This February marks the 100th anniversary of an Ohio State tradition. Since 1915, the chimes have been part of University life, housed in one of the oldest and most unique buildings on campus. WOSU’s Tom Rieland has this profile on the Chimes of Orton Hall…
Strike averted at Central Ohio Transit Authority
A COTA bus drivers strike has once again been averted — for the moment. The COTA board voted Wednesday evening to invite the local Transport Workers union back to the bargaining table. The two sides have been negotiating a new 3-year contract for the past 10 months. WOSU’s Sam Hendren reports
A yellow line had already been painted across the grounds of COTA headquarters to keep union picketers off the bus company’s property. On Wednesday afternoon, following a 3-and-a-half-hour executive session, the board opened its meeting to the public and the barrage of criticism from bus drivers began
Once in your life tell the truth to the public, not constant lying every day you get on the radio just to lie!!!
Wages for some 600 workers have been one of the most contentious issues. Joseph Day, who identified himself as a 23-year veteran of COTA, defended his job performance and his salary
I don’t think you could ask for a better operator than me. And when it comes to service I think I’m the best there is. And do I think I’m worth $21 an hour? You bet!
Jim Lowe, representing the group Jobs with Justice asked the COTA board to rethink actions that would lead to a strike
You should not take any action that would push this any closer to the precipice that it is headed to at this point. Please reconsider. And treat your workers right. COTA President Bill Lhota later laid out the company’s gloomy budget figures -the company has operated in the red for four of the past five years. He said 2005 started with a projected budget deficit of 1-point-3 million dollars, but that had already more than doubled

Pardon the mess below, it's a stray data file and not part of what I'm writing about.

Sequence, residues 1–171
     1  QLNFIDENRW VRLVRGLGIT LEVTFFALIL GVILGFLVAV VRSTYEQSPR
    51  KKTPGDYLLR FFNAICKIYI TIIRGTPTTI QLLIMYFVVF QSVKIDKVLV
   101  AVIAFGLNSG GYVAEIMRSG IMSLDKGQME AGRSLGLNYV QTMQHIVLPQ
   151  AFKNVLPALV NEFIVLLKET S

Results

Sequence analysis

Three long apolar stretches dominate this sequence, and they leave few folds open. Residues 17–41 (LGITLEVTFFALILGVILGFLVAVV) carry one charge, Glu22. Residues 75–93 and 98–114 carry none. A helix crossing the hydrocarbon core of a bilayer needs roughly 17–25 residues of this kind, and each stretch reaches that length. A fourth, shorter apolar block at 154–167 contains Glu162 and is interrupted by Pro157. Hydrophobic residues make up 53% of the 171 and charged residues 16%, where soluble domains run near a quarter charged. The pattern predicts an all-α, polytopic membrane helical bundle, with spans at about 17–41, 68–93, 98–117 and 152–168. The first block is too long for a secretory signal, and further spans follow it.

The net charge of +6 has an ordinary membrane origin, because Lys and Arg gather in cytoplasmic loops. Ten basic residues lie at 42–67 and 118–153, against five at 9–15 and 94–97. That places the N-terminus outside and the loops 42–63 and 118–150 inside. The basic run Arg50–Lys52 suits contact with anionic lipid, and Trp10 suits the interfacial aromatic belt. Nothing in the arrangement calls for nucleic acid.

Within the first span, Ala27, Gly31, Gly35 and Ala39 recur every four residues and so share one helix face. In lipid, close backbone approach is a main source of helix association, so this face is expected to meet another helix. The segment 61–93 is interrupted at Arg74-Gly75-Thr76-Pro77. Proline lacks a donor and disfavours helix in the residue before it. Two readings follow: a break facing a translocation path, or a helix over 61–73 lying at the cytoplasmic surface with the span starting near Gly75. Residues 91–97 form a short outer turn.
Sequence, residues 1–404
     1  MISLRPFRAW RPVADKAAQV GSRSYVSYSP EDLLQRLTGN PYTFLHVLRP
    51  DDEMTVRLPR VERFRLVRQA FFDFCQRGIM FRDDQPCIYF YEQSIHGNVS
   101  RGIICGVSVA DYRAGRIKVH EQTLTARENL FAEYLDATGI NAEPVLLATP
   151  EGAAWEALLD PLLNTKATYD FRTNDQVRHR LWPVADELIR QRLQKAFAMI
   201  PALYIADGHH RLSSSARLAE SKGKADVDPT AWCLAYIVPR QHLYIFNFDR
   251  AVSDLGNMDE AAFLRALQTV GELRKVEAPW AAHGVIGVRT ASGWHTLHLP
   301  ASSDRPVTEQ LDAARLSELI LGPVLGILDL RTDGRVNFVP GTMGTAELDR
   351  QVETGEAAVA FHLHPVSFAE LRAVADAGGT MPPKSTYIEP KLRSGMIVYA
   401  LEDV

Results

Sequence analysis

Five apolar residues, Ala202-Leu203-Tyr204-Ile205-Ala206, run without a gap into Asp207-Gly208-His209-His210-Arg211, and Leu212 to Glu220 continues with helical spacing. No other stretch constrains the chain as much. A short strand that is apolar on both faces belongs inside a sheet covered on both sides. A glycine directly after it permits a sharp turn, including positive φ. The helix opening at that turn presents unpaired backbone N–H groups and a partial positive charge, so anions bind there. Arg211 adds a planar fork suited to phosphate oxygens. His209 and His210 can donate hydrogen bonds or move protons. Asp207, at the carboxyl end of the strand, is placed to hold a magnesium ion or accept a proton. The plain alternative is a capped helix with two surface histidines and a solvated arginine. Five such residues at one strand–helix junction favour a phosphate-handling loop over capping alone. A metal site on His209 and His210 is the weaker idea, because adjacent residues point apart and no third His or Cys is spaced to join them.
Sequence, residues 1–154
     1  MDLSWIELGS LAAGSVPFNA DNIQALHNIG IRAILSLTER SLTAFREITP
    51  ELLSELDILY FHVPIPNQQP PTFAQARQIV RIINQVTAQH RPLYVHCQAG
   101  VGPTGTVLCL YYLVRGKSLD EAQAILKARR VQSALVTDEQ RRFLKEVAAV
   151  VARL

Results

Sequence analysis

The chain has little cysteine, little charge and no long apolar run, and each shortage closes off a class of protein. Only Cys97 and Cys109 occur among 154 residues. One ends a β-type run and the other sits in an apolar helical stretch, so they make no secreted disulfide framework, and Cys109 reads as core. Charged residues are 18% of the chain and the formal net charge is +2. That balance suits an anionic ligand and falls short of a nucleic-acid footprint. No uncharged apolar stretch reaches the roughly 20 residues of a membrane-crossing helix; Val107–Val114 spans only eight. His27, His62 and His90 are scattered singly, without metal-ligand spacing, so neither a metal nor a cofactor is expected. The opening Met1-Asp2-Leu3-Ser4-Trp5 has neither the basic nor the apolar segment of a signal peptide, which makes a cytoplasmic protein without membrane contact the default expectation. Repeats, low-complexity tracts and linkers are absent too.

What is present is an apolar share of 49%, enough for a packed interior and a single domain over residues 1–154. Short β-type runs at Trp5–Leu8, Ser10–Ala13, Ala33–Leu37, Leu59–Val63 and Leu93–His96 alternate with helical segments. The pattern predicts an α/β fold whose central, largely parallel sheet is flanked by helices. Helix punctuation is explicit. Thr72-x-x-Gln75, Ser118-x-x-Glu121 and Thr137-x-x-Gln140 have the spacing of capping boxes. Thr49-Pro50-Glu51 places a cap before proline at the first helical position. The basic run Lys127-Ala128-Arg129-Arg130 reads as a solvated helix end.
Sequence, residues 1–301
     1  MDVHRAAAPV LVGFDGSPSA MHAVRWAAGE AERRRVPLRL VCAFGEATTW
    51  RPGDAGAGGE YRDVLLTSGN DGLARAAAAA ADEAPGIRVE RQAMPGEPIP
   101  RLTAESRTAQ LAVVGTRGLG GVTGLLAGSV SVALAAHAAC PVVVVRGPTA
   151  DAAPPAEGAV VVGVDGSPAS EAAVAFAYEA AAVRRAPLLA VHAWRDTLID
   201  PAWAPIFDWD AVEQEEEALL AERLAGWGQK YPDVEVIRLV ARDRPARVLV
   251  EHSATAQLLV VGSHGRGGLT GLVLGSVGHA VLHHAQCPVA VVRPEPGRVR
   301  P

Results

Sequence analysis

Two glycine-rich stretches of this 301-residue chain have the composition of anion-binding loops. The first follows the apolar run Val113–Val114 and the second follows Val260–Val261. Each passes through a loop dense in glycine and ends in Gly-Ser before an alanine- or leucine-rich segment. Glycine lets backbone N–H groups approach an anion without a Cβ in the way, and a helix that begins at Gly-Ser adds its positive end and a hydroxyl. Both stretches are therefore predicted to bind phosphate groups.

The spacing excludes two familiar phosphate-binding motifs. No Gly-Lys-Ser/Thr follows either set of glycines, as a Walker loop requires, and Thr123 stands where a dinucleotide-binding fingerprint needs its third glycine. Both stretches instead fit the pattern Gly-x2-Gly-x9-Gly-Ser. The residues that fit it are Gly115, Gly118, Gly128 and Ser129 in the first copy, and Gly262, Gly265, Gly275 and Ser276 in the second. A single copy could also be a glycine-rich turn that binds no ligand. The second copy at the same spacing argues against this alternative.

No business, no personal checkbook can continue to exist when you spend more money than you bring in. That’s been exacerbated significantly because we’re now forecasting a budget deficit of 2.7 to 2.9 million dollars, due to factors beyond our control. Number 1, a significant shortfall in sales tax, and secondly, the dramatic rise in fuel costs; both diesel fuel and gasoline.
In the end, the board approved a resolution as a sort of compromise. Board President Bill Porter says the company’s offer remains the same, but no employee would suffer a salary reduction. How funds are allocated will be decided through negotiations.
It provides some wiggle room within the financial parameters established by the final offer for the union and management to shift if you will the impact of the final offer
Local union head Theotis James seemed amenable to the offer
I’m not turning down the chance to talk again. We will probably accept the invitation to sit again across the table and see what we need to do next.
Sam Hendren, WOSU News